Criminal Justice

Troubled teen

APA’s advocacy focuses on recidivism reduction, public safety, gender-responsive justice, mental and behavioral health, and support for law enforcement and corrections agencies.

Our Priorities

Criminal Justice and Mental and Behavioral Health

Mental illness is not a strong predictor of criminal or violent behavior. 

Despite that, the rate of serious mental illness in American jails is reported at 14.5 percent for men and 31 percent for women, compared to 4.2 percent of all adults in the U.S.

Criminal Justice Reform

APA advocates for the phasing out of state and federal mandatory minimum sentences for drug offenses not involving trafficking; allowing judges flexibility to bypass mandatory minimums when an individual has committed a crime as a direct result of their mental health or substance use needs, trauma or victimization history; and adequate resources for programs within the Federal Department of Justice.

Gender-Responsive Justice

As Congress addresses criminal and juvenile justice reform, the public conversation should include a discussion of why and how the pathways of women and girls into the justice system (PDF, 166KB) are different than for men; and the importance of adequate services, safety and support to address women’s needs.

Policy Recommendations

As part of the National Consensus Workgroup on Behavioral Health and Criminal Justice, APA's recommendations include:

Federal Support, Training and Technical Assistance to State & Local Agencies

We strongly support existing federal efforts in this area. Yet, meeting the level of need seen across the nation and spurring and supporting systematic reforms requires additional support, training and funding. To that end, we recommend federal support for state and local efforts that are tailored to the needs of specific professions, locales and decision-making points in the criminal justice system.

Federal Courts and Prisons Improvement

Policies we advocate for include increasing resources for behavioral health programming in the federal Bureau of Prisons; pilot programs and expanding innovation efforts, followed by disseminating lessons learned and effective practices; reducing the use and harmful effects of restrictive housing; and policies to support adherence to treatment plans.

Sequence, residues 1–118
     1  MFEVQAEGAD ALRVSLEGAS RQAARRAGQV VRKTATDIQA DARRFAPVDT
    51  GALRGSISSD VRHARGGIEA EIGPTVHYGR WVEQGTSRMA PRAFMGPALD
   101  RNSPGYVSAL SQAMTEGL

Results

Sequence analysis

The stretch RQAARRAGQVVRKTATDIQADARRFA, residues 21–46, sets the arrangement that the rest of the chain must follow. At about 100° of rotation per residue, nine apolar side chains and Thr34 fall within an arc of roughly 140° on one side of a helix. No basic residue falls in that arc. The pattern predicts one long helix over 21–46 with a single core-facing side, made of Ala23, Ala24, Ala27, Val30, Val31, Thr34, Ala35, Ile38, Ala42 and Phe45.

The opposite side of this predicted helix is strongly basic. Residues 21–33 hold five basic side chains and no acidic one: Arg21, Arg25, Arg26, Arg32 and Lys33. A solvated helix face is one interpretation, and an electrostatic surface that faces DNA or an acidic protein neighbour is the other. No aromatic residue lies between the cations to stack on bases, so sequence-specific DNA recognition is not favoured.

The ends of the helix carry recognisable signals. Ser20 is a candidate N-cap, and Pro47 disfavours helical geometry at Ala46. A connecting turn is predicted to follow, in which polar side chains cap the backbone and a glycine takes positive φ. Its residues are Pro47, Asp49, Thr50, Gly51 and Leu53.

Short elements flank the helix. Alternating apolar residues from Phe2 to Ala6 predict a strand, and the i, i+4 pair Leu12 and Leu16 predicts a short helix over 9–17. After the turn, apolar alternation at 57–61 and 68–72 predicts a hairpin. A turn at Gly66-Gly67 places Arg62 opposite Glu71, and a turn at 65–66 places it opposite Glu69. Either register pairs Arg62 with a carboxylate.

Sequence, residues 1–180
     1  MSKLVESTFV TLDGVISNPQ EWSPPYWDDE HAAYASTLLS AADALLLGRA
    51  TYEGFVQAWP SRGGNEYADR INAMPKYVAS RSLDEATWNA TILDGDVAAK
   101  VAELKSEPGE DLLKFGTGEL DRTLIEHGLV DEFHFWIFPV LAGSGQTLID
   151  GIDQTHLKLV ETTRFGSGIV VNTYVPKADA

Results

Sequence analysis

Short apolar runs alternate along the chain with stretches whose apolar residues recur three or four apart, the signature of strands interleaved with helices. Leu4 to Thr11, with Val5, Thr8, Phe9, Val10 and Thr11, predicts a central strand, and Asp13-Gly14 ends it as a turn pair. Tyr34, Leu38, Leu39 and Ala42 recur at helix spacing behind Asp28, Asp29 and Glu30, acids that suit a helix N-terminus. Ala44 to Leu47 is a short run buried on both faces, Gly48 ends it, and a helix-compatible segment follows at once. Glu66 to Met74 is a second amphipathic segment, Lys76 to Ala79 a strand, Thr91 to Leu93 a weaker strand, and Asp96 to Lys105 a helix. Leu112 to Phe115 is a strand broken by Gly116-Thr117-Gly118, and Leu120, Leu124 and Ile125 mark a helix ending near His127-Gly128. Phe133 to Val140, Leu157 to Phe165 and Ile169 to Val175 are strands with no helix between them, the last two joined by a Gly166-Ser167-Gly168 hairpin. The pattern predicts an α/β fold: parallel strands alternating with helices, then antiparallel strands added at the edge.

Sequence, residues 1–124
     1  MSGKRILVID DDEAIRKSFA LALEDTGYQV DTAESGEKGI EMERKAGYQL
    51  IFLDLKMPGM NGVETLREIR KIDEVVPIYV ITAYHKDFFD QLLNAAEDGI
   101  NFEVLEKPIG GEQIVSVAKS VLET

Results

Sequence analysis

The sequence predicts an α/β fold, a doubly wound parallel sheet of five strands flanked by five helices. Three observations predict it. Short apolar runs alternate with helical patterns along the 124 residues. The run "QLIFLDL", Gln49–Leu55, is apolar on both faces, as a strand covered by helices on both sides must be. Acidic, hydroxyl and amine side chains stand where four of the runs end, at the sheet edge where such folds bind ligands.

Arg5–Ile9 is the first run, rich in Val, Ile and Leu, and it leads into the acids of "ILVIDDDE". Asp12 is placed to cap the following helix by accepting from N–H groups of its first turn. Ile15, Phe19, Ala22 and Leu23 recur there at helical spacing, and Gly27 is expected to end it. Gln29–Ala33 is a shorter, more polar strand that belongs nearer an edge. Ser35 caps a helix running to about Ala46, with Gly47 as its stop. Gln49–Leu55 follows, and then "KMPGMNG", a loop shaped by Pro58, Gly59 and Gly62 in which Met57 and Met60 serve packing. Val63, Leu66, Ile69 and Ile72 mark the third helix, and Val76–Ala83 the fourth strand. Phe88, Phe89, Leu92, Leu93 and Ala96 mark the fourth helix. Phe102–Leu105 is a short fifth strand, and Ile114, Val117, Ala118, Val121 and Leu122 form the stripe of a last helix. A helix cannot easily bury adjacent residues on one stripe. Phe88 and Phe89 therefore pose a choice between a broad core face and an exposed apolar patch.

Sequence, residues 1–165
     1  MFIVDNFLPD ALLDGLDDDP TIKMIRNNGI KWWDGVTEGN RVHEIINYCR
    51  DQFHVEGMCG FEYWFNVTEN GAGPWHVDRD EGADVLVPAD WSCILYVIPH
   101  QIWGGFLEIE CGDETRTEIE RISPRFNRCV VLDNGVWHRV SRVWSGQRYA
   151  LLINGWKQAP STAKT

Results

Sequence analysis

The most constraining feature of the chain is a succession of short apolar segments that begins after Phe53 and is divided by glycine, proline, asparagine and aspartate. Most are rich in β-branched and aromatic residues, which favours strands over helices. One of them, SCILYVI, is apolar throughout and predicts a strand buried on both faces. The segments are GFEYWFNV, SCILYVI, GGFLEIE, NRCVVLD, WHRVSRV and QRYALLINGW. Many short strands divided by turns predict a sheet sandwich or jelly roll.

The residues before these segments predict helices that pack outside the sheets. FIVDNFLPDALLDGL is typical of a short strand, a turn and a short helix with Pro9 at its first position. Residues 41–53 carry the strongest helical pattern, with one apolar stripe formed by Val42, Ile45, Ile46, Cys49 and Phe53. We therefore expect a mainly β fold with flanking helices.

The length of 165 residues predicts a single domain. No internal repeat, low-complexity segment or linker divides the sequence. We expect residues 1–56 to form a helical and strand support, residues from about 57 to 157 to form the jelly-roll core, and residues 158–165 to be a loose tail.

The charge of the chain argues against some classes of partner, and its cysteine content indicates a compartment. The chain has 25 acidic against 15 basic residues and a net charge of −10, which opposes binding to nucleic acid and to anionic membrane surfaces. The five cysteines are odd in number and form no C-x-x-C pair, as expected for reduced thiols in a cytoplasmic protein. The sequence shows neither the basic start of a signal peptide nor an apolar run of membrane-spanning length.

Behavioral Health Workforce Development

Congress should build on current student loan forgiveness and repayment programs to include a wider range of corrections and additions professionals; support partnerships between higher education, community providers and local and state correctional agencies to expand training opportunities in correctional settings; and encourage employment-related re-entry programs.

Federal Research, Evaluation and Coordination

Support the evaluation, higher-level analyses and outcome comparisons of diversion and other reform programs; studies to bridge the gap in research on people with behavioral health disorders; create a permanent interagency group on behavioral health issues in the criminal justice system; and support coordinated local, state and federal innovations.

Juvenile Justice Focus on Prevention and Diversion

APA advocates to prioritize prevention programs and identify and serve at-risk juveniles and their families emphasize diversion for justice-involved youth with behavioral health needs; promote polices that limit justice-involved youth from being housed in adult secure facilities, and supports the adoption of evidence-based screening, assessment and treatment of criminogenic and behavioral health needs.